Wednesday, November 11, 2020

A Moot Judge Deals Not In Absolutes

How do you tell the difference between an excellent and average moot judge? From the content of their post-hearing feedback, of course.

As the wise Jedi Master Obi-Wan Kenobi once said: "Only a Sith deals in absolutes."

Let me make a few things clear. First, being a mediocre moot judge has no bearing to one's competence as a professional or character as a person. Second, a 'moot judge' here refer to both judges and arbitrators in mooting competitions set in the courtroom and arbitration respectively. Third, and above all, please don't take every word I say literally - there are plenty of nuances to the proposition I'm making that's too complex to explain in a single article.

An astute reader may immediately jump up: "Ah ha! Isn't your proposition itself an absolute?" Well, not quite. The gist of my proposition is for moot judges to stray away from 'absolutes'. To keep an open mind. To not have pre-conceived notions of what mooters should or should not do or say.

* * *

Let's run through a few points.

1. There is no one right approach

It's common to hear judges say "Every case turns on the facts". At the outset, it's rather odd to hear legal practitioners to downplay the significance of the 'law'. But I get what they're saying - students tend to focus too much on stating the law, rather than applying the law. That said, it's too sweeping of a statement to say that factual arguments should always prevail over legal arguments. The simple reason being that their priority ultimately depends on the issue at stake.

Some issues are more technical (i.e. procedure), some issues are more fact-driven (i.e. breach and damages). Such categories are not definitive, mind you. A procedural issue can sometimes be fact-specific (e.g. abuse of process), whilst damages can be legalistic (e.g. interpretation of limitation of liability clauses). The law may be stronger for one side, whilst the facts stronger for the other. Point is, choice of arguments is purely situational. A good moot judge appreciates why mooters give varying emphasis on law and facts - and does not arbitrarily penalise mooters for prioritising one over the other.

2. There is no one right argument

The whole point of a moot is that every issue is meant to be argued. Yes, a mooter should generally present their 'best argument' upfront first. But this is easier said than done. For different judges have different ideas of what's the strongest or weakest argument for a particular issue. It's clear in the rules that a moot shouldn't be judged on the merits. This means that the quality of arguments should be weighted on an objective standard, not a subjective standard. Recently, I watched a judge even advised a mooter to provide an alternative argument that would effectively mean conceding the entire ground!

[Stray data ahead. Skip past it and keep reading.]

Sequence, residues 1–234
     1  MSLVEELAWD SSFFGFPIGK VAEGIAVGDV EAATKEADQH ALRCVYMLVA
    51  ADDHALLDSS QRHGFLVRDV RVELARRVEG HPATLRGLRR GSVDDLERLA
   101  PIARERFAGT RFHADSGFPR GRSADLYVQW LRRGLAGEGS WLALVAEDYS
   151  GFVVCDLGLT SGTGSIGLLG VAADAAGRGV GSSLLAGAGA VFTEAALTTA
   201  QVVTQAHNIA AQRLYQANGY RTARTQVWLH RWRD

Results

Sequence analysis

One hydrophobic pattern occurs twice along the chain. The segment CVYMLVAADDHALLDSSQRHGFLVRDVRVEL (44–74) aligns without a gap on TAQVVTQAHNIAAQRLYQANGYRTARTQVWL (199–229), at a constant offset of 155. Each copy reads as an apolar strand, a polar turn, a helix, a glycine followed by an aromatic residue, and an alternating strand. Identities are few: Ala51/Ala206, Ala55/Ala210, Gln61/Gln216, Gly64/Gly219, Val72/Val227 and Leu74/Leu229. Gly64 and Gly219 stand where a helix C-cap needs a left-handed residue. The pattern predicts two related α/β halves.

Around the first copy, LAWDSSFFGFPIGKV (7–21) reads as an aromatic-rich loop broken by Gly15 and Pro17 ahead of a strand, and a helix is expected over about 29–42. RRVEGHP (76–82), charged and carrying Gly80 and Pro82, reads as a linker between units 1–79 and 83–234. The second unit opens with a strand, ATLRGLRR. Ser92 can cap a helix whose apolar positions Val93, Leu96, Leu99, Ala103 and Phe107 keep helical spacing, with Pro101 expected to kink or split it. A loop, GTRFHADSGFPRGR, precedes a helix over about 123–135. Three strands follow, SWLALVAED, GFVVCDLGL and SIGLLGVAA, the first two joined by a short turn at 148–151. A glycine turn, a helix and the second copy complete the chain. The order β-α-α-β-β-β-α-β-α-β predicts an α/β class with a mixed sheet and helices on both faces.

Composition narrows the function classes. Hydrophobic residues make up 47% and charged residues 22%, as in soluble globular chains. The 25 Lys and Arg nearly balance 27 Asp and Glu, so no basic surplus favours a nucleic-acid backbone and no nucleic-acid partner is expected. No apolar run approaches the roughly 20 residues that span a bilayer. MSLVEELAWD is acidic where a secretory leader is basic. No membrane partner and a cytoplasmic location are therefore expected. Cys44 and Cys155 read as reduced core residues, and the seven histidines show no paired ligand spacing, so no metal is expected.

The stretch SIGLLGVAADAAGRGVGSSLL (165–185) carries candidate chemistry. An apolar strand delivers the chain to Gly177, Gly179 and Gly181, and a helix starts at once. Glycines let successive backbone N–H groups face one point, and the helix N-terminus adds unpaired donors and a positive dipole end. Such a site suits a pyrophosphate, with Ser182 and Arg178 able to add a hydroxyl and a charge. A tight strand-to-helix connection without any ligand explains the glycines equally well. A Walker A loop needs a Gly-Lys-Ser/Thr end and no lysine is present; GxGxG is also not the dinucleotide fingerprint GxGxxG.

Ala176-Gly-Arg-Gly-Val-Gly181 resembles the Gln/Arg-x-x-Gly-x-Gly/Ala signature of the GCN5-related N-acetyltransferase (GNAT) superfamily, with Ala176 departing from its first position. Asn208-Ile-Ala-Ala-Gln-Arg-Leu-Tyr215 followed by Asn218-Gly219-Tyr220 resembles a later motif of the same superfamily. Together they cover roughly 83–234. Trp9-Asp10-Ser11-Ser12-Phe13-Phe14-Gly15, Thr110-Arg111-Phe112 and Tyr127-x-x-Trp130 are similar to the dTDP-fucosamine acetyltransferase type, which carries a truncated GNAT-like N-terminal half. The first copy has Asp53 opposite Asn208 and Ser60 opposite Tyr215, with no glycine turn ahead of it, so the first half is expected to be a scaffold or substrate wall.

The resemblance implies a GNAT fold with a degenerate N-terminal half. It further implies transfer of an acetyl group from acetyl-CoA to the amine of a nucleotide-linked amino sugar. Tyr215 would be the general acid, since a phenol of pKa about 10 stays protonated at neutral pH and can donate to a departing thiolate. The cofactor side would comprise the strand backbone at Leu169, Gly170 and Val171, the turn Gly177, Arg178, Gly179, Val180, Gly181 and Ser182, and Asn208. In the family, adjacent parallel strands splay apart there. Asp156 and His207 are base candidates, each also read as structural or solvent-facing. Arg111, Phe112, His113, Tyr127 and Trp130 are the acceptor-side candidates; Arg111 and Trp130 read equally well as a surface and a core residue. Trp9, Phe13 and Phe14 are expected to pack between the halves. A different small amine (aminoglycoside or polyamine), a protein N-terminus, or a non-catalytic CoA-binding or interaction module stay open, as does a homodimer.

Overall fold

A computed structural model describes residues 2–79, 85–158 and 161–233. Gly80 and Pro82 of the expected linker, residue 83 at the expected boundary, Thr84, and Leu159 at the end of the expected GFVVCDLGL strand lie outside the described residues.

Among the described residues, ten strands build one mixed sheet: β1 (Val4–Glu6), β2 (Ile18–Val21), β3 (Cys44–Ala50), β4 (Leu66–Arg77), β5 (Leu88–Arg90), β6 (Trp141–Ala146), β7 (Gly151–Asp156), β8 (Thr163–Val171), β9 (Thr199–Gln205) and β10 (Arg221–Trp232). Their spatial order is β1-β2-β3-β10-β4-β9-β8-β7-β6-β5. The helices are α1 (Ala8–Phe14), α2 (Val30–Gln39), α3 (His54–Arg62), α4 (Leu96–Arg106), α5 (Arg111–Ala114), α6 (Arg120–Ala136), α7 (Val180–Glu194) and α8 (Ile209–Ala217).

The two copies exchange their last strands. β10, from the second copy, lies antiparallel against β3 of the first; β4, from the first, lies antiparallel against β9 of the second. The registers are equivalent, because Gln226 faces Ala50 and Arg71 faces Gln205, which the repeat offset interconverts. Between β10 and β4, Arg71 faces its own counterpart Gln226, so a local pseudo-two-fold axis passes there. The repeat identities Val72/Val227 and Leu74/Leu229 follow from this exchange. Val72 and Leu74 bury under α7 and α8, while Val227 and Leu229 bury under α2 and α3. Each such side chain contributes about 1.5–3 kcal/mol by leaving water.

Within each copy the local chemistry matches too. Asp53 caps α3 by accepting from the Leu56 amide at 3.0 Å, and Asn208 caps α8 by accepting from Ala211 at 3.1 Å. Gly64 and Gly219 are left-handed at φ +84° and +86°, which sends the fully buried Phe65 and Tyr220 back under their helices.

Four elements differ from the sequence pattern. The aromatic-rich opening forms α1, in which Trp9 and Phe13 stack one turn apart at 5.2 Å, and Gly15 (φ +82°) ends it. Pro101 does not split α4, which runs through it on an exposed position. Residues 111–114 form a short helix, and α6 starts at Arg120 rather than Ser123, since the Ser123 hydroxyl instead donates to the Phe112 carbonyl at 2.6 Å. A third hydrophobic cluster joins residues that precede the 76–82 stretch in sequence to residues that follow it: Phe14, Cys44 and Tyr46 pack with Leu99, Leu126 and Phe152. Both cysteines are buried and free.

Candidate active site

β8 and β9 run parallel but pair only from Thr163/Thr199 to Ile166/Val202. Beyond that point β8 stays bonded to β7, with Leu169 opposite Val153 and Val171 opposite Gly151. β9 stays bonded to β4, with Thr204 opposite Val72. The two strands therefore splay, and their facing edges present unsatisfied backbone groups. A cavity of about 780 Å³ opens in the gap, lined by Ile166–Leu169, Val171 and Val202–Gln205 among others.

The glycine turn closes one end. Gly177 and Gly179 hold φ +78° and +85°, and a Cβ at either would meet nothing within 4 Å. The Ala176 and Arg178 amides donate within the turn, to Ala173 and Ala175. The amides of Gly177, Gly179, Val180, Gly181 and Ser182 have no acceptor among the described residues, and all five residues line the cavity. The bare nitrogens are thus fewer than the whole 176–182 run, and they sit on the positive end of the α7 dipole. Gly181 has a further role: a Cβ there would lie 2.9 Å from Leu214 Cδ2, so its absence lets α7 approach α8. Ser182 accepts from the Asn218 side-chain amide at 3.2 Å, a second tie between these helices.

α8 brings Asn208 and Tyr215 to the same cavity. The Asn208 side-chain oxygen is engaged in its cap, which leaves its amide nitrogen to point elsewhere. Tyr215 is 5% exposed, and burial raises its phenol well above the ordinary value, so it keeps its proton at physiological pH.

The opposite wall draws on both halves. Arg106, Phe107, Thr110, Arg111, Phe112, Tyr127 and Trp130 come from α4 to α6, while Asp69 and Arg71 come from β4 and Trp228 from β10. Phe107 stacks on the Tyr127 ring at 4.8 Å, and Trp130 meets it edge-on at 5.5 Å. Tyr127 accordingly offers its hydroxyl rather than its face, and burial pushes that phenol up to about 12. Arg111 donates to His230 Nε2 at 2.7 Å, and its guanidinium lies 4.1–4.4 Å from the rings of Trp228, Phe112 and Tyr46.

As a judge, I always try to keep an open mind. There are no 'dead-end' arguments (unless fundamentally unsupported by law or fact). I can reward a mooter with high marks for an ingenious argument which I personally don't agree with and can think of possible rebuttals (which the opponent doesn't pick up). I can give two different scores to two different mooters presenting the exact same argument - because one mooter expounded more persuasively than the other. Point is, judges shouldn't assess mooters on how we personally like or dislike their arguments at face value.

3. There is no one right advocacy

Mooting - live or virtual - is replete with contrasting feedbacks. One judge said: "Please don't drink water in front of the screen. It's quite rude. Turn away to sip if you are thirsty." In another moot, the judge said: "It's good to sip on water to collect your thoughts whenever you need time to answer a question". The first criticism seems nit-picky and trivial. The second can backfire - if mooters keep doing that, then judges will instinctively interpret every sip as a sign of hesitance and weakness (indeed, this was astutely noted by a third judge). How are the mooters expected to reconcile such contradictory views?

Simply put, they can't. There are plenty of other potential 'minefields'. Another example is referral to the record - some judges want mooters to patiently wait and make sure everyone is on the same page, some judges are put off by the long pause. Personally, as a judge, I really don't care and read too much into such behavourial habits (then again, I sometimes feel the need to gently sound a caution because other judges may feel strongly against it). Point is, judges should not expect mooters to be aware of all our personal preferences (or cultural norms). So long as their individual style does not substantially impede their submission flow, judges shouldn't penalise or even comment on such details.

* * *

Ultimately, the whole point of a moot is to prepare law students towards legal practice. Hence, as much as possible, the assessment and feedback of judges should reflect the realities of advocacy (rather than specific to the exclusive inner rules of mooting). As moot judges, we must not lose sight of the woods for the trees. We shouldn't be dealing with advice in absolute terms that will only confuse or misdirect students in their future legal career.

Students are actually good listeners and fast learners. They'll take every word we say to heart - or even embrace it as the 'gospel truth'. Whilst it definitely falls upon them to use their own discretion to filter our feedback, we also should play a part by focusing on the key lessons and avoiding trivialities.

So let us not deal in absolutes. The law is not black and white. Be like a Jedi, not a Sith.

No comments :

Post a Comment